The languid days of August signal the beginning of a new season of recruitment and hiring on campuses all across the country. Except for the few entry-level, tenure-track faculty positions available these days, most openings will involve seeking out candidates who already have jobs. They have the option to decline an offer, just as the college or university has a choice among candidates, including not filling the position.
No one likes a failed search, least of all those of us whose business it is to make matches. And everyone involved in filling important positions longs for a proven formula for getting the parties to “yes.”
But we have learned that when you see one strong candidate or one fine university or medical school, the results are that you have seen one strong candidate and one fine school. Generalizations beyond this are risky.
Still, we can offer the following suggestions, beginning with candidates.
The Candidate Perspective
When we speak with prospective candidates for a position, often the first response is, “Thanks, but I am really quite happy here.” Even if the potential employer is a major institution of note and prestige, most prospects have invested years and much talent and hard work in their current jobs.
If a potential candidate is prepared to listen further, the next caution light to go on is personal and includes:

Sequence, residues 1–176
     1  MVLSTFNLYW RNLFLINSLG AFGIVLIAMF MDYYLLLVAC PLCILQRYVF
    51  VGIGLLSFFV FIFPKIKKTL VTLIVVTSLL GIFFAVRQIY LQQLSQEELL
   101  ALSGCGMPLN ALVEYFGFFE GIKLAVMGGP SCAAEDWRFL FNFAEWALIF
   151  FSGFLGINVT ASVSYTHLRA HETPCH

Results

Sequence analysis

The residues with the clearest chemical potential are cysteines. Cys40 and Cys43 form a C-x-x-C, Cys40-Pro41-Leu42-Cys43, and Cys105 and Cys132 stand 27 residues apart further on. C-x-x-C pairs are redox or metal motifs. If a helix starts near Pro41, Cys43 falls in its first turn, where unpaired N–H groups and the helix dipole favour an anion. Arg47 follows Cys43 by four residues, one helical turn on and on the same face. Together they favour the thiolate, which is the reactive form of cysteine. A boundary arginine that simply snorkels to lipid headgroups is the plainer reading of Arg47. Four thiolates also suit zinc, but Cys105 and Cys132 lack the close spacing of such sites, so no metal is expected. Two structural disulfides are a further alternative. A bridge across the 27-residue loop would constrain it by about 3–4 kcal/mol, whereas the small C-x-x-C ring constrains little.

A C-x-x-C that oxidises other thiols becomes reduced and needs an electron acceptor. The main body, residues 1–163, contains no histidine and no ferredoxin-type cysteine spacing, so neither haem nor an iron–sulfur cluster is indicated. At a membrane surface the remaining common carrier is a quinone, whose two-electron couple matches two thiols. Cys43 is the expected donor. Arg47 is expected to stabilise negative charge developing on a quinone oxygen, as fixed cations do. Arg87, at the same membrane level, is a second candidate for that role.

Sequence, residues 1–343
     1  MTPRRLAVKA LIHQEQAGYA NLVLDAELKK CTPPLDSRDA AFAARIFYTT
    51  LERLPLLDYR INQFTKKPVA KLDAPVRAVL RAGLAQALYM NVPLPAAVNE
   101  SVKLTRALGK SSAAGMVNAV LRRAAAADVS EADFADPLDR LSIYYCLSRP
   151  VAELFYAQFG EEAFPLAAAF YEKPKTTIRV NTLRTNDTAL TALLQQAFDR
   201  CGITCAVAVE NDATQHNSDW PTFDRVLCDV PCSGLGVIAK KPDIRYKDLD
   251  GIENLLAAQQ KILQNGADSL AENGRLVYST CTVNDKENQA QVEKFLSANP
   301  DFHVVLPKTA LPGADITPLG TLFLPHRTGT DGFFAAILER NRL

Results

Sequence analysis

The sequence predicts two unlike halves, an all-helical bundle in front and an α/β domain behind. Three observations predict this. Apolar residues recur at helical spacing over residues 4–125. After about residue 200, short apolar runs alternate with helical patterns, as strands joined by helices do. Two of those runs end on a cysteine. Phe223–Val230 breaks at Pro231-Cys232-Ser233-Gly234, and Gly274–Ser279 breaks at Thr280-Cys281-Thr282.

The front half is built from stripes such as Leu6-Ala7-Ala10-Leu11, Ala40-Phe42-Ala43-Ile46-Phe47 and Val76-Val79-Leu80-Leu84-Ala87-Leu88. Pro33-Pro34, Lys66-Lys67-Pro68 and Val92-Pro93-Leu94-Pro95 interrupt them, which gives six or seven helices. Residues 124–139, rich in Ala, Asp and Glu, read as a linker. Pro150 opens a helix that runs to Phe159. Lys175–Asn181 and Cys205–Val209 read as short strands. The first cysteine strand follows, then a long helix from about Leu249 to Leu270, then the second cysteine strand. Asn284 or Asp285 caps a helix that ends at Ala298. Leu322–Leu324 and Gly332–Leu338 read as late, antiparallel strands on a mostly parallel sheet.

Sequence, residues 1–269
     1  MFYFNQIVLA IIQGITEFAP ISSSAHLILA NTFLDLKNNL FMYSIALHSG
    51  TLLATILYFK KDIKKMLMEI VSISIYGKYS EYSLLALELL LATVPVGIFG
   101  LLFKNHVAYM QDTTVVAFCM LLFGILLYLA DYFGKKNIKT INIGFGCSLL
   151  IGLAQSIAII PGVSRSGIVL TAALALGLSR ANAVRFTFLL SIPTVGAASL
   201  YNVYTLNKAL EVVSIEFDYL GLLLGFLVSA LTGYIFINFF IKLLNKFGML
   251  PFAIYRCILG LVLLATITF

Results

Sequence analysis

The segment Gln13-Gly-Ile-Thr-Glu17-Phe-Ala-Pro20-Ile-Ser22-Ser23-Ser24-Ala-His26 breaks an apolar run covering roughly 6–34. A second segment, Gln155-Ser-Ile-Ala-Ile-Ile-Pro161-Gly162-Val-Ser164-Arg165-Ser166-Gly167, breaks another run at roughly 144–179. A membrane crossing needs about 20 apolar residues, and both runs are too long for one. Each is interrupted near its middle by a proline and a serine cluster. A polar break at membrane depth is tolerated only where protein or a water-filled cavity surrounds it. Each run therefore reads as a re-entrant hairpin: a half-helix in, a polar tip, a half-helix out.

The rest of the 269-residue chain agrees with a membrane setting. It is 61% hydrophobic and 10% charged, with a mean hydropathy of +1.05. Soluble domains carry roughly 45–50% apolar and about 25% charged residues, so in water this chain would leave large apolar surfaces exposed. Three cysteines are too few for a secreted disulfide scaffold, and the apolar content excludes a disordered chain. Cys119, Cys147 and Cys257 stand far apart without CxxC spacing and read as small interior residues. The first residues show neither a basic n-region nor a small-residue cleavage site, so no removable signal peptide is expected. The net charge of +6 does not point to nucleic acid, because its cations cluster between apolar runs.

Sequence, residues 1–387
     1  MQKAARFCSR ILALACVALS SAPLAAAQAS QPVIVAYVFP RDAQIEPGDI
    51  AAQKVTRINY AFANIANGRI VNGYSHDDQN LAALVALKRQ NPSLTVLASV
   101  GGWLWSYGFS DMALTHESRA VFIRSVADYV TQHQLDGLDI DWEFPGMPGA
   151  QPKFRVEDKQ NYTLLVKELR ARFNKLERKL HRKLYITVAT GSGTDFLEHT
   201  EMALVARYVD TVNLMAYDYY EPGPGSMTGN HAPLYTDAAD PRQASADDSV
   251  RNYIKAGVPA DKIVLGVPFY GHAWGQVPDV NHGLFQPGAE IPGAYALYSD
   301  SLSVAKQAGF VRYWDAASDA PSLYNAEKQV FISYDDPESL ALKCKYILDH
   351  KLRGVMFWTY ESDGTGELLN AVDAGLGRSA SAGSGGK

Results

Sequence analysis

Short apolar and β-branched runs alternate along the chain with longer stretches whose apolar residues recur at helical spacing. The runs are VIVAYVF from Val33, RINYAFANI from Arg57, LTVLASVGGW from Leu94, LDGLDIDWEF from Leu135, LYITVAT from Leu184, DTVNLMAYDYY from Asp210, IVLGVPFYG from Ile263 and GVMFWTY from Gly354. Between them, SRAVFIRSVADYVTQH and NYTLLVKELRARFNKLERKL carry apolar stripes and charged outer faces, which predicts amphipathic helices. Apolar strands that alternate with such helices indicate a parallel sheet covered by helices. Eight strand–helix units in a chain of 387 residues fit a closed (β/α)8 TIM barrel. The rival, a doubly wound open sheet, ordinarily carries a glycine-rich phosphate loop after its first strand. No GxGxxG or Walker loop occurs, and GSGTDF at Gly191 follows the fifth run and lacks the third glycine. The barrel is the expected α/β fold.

- How will my partner/spouse react to news that I am being invited to be a candidate somewhere else? What about his job? Could we actually live in X?
Another amber warning then lights up.
- What about the kids? Ryan, Sara and/or Ravi love their schools and have so many friends. Won’t they be upset at even the prospect of moving?
A third consideration that usually arises is real estate:
- Could we sell our place? For what? And can we possibly buy a home in X?
From here on, the prospect begins to consider who at the recruiting institution is known, what research is going on, how successful have potential colleagues been in securing funding. But the salient point here is that very personal concerns are involved in even considering a possible move.
But those concerns seldom surface in the search process until much later on. Speaking with one dean who successfully recruited 8 of 9 positions in the past year, he noted that there was virtually nothing that could be done to win the one that got away, since spousal employment considerations were very complex and, in the end, of the highest priority.
Paradoxically, these personal concerns do not surface precisely because university administrators are often cautioned by legal counsel and HR officials against asking about such matters, lest a disgruntled candidate claim that she/he was denied an offer on grounds other than qualifications. As we note below, candidates are best-served if early in the search process they share with the search firm personal considerations that trump professional ones.
The Institutional Perspective